MICROSOFT HAS CONTINUED TO TEASE users with mouse-watering information about Windows 10 by confirming a 190-country summer release of the OS, and a Lionel Richie-inspired biometric authentication feature called Hello.
Windows 10, which will be free for some, plays nicely with Raspberry Pis, and might be offered up as a torrent download, is set to replace the someone-put-it-out-of-its-misery Windows 8, and the Redmond firm is pulling out all the stops to generate as much early interest in it as possible.
In the latest instalment of its campaign to drip-feed the market with little nuggets of information about the forthcoming OS, Microsoft has revealed it will feature something called Hello, a biometric tool that Joe Belfiore, corporate VP in the operating systems group, said lets users log in using their face, iris or fingerprint.
"With Windows Hello, you'll be able to just show your face, or touch your finger, to new devices running Windows 10 and be immediately recognised. And not only is Windows Hello more convenient than typing a password - it's more secure!," he explained.
"Our system enables you to authenticate applications, enterprise content, and even certain online experiences without a password being stored on your device or in a network server at all."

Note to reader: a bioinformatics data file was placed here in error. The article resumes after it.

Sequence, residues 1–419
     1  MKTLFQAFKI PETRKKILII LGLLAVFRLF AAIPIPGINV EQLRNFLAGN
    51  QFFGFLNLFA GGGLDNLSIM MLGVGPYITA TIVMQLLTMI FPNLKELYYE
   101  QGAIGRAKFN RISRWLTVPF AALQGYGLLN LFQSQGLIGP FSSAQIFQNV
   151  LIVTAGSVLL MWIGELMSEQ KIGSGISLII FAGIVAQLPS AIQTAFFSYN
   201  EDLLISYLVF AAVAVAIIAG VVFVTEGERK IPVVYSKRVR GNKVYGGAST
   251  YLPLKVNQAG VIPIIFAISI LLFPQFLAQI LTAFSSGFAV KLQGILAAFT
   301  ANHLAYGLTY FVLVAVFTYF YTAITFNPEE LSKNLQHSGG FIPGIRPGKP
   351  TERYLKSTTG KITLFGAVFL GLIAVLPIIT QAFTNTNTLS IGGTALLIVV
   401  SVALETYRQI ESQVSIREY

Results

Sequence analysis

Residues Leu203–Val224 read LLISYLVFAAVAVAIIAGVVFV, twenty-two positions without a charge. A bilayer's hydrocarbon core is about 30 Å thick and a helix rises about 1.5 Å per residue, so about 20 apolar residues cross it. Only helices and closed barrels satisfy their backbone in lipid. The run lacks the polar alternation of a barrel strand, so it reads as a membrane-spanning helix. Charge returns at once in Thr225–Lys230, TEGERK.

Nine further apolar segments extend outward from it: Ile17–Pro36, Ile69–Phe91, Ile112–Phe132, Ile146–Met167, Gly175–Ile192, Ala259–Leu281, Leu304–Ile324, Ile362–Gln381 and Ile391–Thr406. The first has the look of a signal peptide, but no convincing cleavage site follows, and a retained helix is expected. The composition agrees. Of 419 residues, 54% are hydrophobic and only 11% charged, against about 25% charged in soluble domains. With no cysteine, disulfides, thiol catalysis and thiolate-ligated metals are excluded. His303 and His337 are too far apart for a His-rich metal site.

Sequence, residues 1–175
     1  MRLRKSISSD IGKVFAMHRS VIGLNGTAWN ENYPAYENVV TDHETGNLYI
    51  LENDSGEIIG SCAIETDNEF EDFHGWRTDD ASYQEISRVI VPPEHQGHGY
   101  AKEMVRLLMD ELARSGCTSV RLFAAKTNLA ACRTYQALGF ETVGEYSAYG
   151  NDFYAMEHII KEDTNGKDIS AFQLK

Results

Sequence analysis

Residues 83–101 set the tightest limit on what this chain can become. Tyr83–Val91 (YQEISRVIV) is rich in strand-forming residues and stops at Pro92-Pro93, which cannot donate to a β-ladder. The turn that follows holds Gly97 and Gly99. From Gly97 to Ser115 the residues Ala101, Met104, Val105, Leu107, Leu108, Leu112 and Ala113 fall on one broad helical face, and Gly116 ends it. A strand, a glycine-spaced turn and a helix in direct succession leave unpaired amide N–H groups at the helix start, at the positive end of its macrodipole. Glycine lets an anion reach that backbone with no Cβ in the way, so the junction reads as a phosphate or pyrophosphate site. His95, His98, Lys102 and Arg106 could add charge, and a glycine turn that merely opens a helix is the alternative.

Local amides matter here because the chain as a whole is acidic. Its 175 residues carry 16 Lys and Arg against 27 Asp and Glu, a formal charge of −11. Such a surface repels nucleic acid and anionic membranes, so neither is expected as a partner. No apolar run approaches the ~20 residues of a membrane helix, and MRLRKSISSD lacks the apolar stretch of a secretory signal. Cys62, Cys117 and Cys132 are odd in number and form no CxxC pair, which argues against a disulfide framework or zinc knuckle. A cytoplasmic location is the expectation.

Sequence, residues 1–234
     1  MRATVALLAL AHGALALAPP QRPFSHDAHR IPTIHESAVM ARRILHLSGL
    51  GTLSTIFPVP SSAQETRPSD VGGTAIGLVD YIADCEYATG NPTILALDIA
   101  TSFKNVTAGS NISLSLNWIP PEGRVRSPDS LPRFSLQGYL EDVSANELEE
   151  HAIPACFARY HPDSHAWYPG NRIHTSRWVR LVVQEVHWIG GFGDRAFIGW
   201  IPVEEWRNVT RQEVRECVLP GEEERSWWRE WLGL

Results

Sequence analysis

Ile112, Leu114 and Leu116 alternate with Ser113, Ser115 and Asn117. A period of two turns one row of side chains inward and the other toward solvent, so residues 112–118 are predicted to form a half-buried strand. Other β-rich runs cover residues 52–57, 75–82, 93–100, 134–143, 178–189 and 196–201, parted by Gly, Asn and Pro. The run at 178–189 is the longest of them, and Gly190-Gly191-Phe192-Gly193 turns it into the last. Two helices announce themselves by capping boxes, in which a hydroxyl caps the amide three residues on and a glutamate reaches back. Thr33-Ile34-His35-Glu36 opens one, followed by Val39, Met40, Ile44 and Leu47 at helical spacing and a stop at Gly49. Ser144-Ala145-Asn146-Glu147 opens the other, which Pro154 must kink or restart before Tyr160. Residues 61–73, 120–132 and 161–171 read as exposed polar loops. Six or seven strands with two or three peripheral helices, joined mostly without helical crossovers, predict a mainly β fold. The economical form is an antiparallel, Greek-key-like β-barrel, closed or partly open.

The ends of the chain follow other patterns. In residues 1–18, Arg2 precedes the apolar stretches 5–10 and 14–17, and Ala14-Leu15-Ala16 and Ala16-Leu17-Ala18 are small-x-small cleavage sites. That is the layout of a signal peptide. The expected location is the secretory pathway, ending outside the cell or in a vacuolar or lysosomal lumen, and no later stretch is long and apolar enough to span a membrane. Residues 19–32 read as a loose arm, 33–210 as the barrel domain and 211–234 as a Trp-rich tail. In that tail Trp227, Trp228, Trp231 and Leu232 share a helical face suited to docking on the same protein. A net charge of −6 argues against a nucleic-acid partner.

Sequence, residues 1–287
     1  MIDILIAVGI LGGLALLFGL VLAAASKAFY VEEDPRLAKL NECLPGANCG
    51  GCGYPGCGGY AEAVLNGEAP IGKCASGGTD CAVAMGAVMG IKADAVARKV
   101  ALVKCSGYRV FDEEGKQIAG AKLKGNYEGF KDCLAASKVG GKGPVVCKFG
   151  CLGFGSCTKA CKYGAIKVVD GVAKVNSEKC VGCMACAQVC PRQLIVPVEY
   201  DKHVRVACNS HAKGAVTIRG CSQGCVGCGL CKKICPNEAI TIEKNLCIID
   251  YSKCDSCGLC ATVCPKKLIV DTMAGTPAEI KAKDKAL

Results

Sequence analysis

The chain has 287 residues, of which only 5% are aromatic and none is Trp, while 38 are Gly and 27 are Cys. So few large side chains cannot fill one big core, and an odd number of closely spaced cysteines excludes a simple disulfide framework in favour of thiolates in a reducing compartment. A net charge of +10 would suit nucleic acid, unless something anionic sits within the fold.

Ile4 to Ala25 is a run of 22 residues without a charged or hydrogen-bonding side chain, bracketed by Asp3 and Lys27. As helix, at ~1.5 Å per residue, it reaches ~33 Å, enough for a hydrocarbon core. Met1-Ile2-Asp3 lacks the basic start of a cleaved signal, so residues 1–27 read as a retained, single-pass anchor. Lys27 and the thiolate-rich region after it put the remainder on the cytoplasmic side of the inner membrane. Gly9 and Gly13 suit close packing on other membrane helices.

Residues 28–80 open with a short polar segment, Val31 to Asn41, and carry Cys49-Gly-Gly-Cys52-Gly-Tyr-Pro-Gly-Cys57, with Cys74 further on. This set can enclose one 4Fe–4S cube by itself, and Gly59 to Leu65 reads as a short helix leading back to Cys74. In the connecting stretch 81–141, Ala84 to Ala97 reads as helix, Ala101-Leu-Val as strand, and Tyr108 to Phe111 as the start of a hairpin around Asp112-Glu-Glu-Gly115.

Do not get too excited, though, as Hello will only work if you have the necessary hardware.
Microsoft said Windows Hello uses existing fingerprint reader hardware, plus a combination special hardware and software for facial or iris detection. The cameras use infrared technology to identify the user, and will not be fooled by photograph or someone trying to impersonate the user.
If you are interested in using Hello you will need to get your kit together by the summer. In a blog post yesterday, Windows chief Terry Myerson wrote: "We continue to make great development progress and shared today that Windows 10 will be available this summer in 190 countries and 111 languages.
"Windows has always been global, with more than 1.5 billion users around the world." µ
A surprisingly busy week in a quiet month
Measures just 15.75mm at its thickest point
Firm expects GPU sales to start drying up